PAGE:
Published on the 09/12/2020 | Written by Heather Wright
Digital tills ringing to new tune…
Smart home devices and OEM pay options such as Apple Pay and Google Pay are winning favour with consumers when it comes to eCommerce transactions according to new reports from Juniper Research.
The research house says online sales of physical goods are on a sharp upward trajectory globally, hastened by the Covid-19 pandemic. Juniper is forecasting US$4.4 trillion in physical goods sales online by 2025, up from $3.3 trillion this year. (Looking back further, it was only in 2017 that online payments for physical goods purchases topped $2 trillion for the first time.)
“OEM Pay is seeing increasing consumer awareness, driven by its use in the contactless arena.”
That’s a global figure, however, and a big part of the 33 percent growth will come courtesy of increased demand in emerging markets, such as the Indian subcontinent and Latin America – with expected growth of 116 percent and 82 percent respectively – rather than massive growth locally.
Despite that Juniper says the pandemic has fundamentally altered customer behaviours towards eCommerce and those changes are here to stay.
“Although the growth of eCommerce has slowed since the explosive growth period of the 2000s, the overall volume and value of eCommerce purchases continue to climb,” Juniper says.
While Covid has been a driver, so too has the development and diversification of online commerce, the shift towards payment digitisation and the rise of mobile commerce and the use of OEM Pay options, providing smartphone manufacturer-backed wallets. That’s an area Juniper says will see dramatic growth over the coming years, with a forecast of 730 percent growth globally to account for $16.6 billion in remote physical and digital goods.
“OEM Pay is seeing increasing consumer awareness, driven by its use in the contactless arena,” the company says.
Juniper says it estimates that in 2020 around 78 percent of eCommerce transactions will take place on a mobile device.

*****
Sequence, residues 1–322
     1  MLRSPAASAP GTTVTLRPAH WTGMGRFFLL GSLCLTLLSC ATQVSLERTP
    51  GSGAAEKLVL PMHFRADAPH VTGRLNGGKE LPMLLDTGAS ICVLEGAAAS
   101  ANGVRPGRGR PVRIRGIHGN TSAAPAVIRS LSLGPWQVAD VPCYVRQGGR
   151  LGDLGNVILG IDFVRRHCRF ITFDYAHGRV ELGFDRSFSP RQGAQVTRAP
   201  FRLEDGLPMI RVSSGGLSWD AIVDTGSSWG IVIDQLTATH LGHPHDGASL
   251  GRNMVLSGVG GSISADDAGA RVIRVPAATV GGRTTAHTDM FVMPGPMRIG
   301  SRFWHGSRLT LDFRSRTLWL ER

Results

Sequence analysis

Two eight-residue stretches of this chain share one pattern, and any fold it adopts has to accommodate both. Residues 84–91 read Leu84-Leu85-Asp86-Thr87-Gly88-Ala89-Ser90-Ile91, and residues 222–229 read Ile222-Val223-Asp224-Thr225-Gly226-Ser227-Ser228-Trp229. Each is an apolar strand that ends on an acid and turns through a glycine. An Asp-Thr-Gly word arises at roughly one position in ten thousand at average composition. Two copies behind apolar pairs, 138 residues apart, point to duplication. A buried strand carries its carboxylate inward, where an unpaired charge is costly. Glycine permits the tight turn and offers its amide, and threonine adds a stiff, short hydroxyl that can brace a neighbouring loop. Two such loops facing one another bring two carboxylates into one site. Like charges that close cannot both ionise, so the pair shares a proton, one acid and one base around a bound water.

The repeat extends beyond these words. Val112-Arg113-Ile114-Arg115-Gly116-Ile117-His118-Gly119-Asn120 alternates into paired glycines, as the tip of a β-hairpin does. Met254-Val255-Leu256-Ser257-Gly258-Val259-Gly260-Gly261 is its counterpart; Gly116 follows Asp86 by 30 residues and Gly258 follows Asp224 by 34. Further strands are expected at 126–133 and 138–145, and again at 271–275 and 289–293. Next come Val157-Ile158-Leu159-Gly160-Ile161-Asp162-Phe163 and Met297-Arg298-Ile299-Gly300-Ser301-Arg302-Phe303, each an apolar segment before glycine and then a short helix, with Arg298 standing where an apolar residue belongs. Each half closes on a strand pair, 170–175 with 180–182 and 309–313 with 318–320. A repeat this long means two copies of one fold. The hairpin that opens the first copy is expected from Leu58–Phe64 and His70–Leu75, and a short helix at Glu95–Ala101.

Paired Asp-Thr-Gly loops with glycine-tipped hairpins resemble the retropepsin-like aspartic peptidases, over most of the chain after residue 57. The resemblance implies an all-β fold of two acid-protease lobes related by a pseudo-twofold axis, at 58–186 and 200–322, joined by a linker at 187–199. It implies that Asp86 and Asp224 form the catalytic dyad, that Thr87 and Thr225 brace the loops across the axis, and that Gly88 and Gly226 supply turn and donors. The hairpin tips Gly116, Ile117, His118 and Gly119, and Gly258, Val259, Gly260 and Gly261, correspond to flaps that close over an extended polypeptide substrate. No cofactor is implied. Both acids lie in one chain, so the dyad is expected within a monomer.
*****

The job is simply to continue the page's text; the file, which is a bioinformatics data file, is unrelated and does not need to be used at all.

But while OEM Pay might be disrupting established eCommerce payment methods by offering frictionless payments, Juniper says current acceptance of the offering across different merchants is highly varied.
“The research recommends that payment providers focus on maximising OEM Pay integration to ensure seamless user checkout processes,” Juniper says.
The use of digital wallets and OEM Pay is driving another, perhaps less expected, eCommerce avenue: Smart home payments.
Separate research from Juniper forecasts that payments made via smart home devices will exceed US$164 billion in 2025, up from just $22 billion in 2020.
Increased use of voice assistants via smart speakers for eCommerce, propelled by rising user and merchant acceptance, will drive the growth, Juniper says.
The addition of smart displays, enabling consumers to see the products and confirm purchases, will be ‘transformative’, but Juniper warns that in order for it to work effectively voice assistant vendors will have to ensure a seamless handoff between smart speakers and smart displays, unlocking more complex and higher-cost purchases.
But those predictions from a few years ago of our fridges doing our shopping for us – they’re not coming to fruition. Juniper’s research says while connected TV payments will b ‘highly significant’ and account for 20 percent of total transaction values in 2025, the opportunities for connected appliance payments will be limited and account for less than one percent of total smart home payment values. The high price of payment capable appliances and the lack of supporting delivery services are blamed.
It’s not a completely smooth ride for other eCommerce either, with Juniper pointing out a number of challenges still facing the eCom payments space, including the costs associated with the payments.
It notes that card payments have historically had a higher cost attached to them and alternative payments have ‘considerable’ potential as a less expensive way to accept payments.
“The acceptance of mobile wallet payments offers added benefits for both merchant and consumer, in that they significantly reduce friction at the checkout.”
In New Zealand the Labour Party’s election promises included regulating merchant service fees charged by banks to retailers. Kiwi retailers are estimated to pay on average $13,000 more than their Australian counterparts each year on merchant service fees.
An announcement about the fees is expected this week.